known. The colonies gradually freed themselves but about fifty countries
chose to keep a connection with Britain by belonging to the The British
Commonwealth. English is spoken all over the Commonwealth either as a
native or an official language, and the British monarch is the symbolic
head of the association.
The USA has played a leading role in most domains for the last
hundred years. At the end of the 19th century and first quarter of the
20th, it welcomed millions of European immigrants who had fled their
countries ravaged by war, poverty or famine. This labour force
strenghtened American industries and development. The Hollywood film
industry also attracted many foreign artists in quest of fame and
fortune and the number of American films produced every year soon
flooded the market. Before the Treaty of Versailles(1919), which ended
the First World War between Germany and the Allies, diplomacy was
conducted in French. However, President Wilson succeeded in having the
treaty in English as well. Since then, English started being used in
diplomacy and gradually in economic relations and the media. During the
II World War, America intervened both militarily and economically to
save Europe from chaos. From then onwards, the United States have
consolidated their cultural, economical and technological power:
inventions, rock and roll, the first man on the moon, the revolution of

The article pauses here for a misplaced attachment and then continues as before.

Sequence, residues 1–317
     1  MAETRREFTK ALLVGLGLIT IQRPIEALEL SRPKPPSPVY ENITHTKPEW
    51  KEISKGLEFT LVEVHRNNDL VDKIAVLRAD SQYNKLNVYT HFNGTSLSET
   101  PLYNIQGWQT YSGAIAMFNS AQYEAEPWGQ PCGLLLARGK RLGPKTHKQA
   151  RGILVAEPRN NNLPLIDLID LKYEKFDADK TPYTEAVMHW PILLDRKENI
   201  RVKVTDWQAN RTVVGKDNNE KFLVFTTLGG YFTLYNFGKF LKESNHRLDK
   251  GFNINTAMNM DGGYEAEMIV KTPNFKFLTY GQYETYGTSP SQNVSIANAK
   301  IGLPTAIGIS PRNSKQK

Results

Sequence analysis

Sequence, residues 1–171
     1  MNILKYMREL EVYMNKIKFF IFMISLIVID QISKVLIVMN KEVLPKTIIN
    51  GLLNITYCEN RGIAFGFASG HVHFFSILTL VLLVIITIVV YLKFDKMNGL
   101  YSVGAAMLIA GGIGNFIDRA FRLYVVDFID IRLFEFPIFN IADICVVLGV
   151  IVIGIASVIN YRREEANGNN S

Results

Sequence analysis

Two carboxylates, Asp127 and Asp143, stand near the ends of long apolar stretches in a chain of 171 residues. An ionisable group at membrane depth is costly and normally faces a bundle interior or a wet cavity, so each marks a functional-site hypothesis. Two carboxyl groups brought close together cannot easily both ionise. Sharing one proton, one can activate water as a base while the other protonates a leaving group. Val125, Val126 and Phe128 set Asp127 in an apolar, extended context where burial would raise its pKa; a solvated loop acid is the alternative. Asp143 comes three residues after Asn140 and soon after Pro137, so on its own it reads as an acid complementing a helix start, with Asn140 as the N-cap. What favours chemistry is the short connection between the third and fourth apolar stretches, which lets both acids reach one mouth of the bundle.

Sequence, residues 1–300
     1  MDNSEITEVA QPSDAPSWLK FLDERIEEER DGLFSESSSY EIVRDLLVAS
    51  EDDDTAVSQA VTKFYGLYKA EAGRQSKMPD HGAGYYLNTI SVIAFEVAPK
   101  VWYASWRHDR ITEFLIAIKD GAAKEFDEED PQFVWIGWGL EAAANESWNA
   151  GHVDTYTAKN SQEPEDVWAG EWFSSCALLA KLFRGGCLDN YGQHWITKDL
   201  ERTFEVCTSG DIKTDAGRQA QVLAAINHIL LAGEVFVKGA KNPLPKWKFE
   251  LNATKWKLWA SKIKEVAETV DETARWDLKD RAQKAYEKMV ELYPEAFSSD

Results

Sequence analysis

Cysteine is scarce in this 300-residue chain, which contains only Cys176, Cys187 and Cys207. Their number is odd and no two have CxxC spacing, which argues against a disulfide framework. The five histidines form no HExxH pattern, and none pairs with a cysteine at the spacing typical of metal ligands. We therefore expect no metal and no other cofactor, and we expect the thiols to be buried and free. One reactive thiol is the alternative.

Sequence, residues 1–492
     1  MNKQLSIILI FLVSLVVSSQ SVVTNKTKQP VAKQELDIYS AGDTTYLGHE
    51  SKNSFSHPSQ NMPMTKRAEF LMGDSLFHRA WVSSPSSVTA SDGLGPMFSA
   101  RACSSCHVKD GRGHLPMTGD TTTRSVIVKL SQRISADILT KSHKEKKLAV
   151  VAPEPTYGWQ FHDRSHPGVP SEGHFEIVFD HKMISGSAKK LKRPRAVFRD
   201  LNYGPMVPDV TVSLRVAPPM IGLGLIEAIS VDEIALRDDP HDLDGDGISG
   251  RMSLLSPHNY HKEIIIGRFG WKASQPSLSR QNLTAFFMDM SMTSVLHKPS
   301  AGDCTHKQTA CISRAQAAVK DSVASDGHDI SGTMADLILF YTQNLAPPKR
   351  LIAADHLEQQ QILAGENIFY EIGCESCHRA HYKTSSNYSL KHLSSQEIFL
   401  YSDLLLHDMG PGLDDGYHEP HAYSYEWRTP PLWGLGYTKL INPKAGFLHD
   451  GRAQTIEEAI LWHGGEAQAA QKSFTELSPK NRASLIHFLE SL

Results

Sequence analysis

the Internet, the country's growing prosperity and commercial
aggressiveness have contributed to the further expansion and importance
of English in the world today.
The Oxford English Dictionary's new edition will come out in
2010.The Chief Editor of OED , John Simpson, has issued an appeal for
new words: 'There is no longer one English - there are many Englishes.
Words are flooding into the language from all corners of the world'.
The "internationalisation" of English may bring new possibilities
for native speakers of the language :
In his MA thesis,"The Spread of English and Its Appropriation", Daniel
Spichtinger quotes McCabe "...whereas for two centuries we exported our
language and our customs in hot pursuit of...fresh markets, we now find
that our language and our customs are returned to us but altered so that
they can be used by others...so that our own language and culture
discover new possibilities, fresh contradictions." This may refer to
writers from Africa, Asia and former colonies who have used and
appropriated the English language for their own purposes but whose usage
of English has also made their works accessible to a wider audience. For
Kachru, "once English aquires a new identity through creative writing,
the language is liberated from its colonial past."
Rita Raley from the Department of English of the University of
California gives us a list of terms coined to describe international
dialects with ties to English... (What Is Global English?)
Anglikaans/Anglicaans, Anglonorsk, Arablish, Benglish, Chinglish,
Deutschlish/Gerlish, Dutchlish, Eurolish, Franglais/Frenglish,
Hindlish/Hinglish, Indonglish, Inglish, Italglish, Japlish/Janglish,
Manglish, Minglish, Punglish, Russlish, Singlish, Spanglish, Swedlish,
Taglish, Tamlish, Tinglish, Wenglish, Yinglish
What's Happening to Our Languages? - several articles by people worlwide
published in Topics magazine
No time to fall behind in class - The global linguistic environment is
changing rapidly, so ELT must update itself, argues Christopher Brumfit